Autonomous Cars: Are Robots Good for the Environment?
Autonomous cars are coming . Exactly when is anyone’s guess, but ten years seems like a safe bet for mass-market availability.
The way we use cars is going to change . Those changes will be wide-ranging, from car culture to the economy to the global death rate — but, one area that hasn’t been investigated in as much detail: the impact on the environment.
Cars are one of the biggest contributors to CO2 production in the developed world, and any change in the way we use cars should be considered in that light. Can self driving cars beat conventional public transit for efficiency? How much of an improvement do they offer over regular car ownership? Today, we’ll be investigating the issue of the eco-friendliness of autonomous vehicles, based on a lot of research and a little speculation.
Efficient Driving Strategies
However good a human driver might be, they do make mistakes, and those mistakes have an impact on fuel efficiency.
Humans get lost, get stuck in traffic, and struggle to find parking. Autonomous vehicles would drive better, and save fuel doing it. Autonomous cars can “flock”, drafting behind one another to reduce drag, and there’s the possibility of automatic carpooling in a fleet scenario, which could significantly reduce the number of vehicles needed, and the total fuel consumption.
The drafting concept alone could save 30% of car fuel usage (according to Rocky Mountain Tech), and MIT suggests that by eliminating the need to find parking, more than 40% of fuel consumption could be eliminated in the cause of autonomous vehicles. They could also avoid traffic jams in town, which would have a huge impact on travel efficiency. According to the KPMG institute,
In an autonomous vehicle transportation system, vehicles will navigate far more efficiently than current human operators do. The inefficiency of human-driven vehicles leads to considerable congestion at high traffic volumes and frequent traffic jams. In its 2011 Urban Mobility Report, the Texas Transportation Institute estimated that traffic congestion costs Americans 4.8 billion hours of time, 1.9 billion gallons of wasted fuel (equivalent to two months’ operation of the Alaska Pipeline), and $101 billion in combined delay and fuel costs.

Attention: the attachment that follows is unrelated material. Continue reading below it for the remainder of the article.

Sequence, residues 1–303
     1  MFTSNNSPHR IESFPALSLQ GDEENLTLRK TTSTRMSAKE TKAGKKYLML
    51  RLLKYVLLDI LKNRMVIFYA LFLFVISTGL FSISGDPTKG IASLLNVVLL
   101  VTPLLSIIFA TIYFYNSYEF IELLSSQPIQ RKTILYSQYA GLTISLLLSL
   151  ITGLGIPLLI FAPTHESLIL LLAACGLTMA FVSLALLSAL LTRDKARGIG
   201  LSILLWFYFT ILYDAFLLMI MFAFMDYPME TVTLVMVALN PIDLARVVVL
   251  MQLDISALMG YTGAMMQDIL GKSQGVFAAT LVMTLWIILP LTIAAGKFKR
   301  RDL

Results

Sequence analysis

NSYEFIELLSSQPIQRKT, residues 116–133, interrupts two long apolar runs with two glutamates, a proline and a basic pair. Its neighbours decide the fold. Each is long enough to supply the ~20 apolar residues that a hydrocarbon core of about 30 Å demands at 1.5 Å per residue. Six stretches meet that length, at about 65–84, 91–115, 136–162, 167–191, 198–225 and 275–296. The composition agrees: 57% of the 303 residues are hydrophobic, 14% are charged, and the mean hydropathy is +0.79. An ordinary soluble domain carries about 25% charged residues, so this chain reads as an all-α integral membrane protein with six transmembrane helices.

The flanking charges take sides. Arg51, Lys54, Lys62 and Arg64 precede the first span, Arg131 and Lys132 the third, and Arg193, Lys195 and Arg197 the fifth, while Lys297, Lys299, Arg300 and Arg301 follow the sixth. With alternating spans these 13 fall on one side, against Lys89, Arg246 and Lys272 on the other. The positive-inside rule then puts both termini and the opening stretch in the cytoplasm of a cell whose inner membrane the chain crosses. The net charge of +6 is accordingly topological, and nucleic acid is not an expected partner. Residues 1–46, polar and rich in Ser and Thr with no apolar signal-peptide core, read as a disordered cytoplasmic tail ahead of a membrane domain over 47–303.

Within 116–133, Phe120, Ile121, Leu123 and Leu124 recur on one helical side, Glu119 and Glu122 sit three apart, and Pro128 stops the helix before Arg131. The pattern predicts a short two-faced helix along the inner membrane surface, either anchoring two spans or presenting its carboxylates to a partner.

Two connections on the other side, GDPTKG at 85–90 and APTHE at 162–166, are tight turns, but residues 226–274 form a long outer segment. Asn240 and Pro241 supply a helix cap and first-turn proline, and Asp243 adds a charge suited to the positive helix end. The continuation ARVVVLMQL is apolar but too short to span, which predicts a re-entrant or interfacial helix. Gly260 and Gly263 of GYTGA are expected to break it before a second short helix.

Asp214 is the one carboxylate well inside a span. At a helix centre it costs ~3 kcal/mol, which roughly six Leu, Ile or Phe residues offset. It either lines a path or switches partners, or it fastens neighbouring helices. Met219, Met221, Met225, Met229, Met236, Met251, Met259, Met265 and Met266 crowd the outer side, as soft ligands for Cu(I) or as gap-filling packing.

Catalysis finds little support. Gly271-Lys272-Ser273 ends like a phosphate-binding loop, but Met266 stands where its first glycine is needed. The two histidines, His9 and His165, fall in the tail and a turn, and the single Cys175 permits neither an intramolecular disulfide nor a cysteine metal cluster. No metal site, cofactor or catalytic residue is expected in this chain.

Ecological Car Design
The more self-driving vehicles that are on the road, the fewer accidents there will be. Getting most drunk drivers (the cause of 26 out of the 91 average daily car fatalities in the US) to use autonomous vehicles would have a huge impact on driving safety.
Aside from the obviously benefit of people not dying, this has other unexpected perks. Notably, if the risk of accident can be made low enough, car companies could build much lighter cars by discarding many traditional safety features (like air bags, seat belts, and a crumple zone). Car insurance costs would also go down.
If driving becomes as safe as flying (so safe that individual accidents make the news the same way that air disasters do), people may be much more comfortable driving in much lighter, less robust cars, which can (in turn) save a tremendous amount of fuel.
Furthermore, since you may be able to just summon as many cars as you need, there’s no real need for most of the cars in the fleet to be standard five-seater sedans. If you’re willing to build two-seater vehicles and minimize weight and drag, you can build gas prototype cars that get 285 MPG, almost an 80% decrease in fuel consumption compared to the best consumer cars now available. According to a journalist for Autos.ca who spoke to the Volkswagen team that designed the prototype: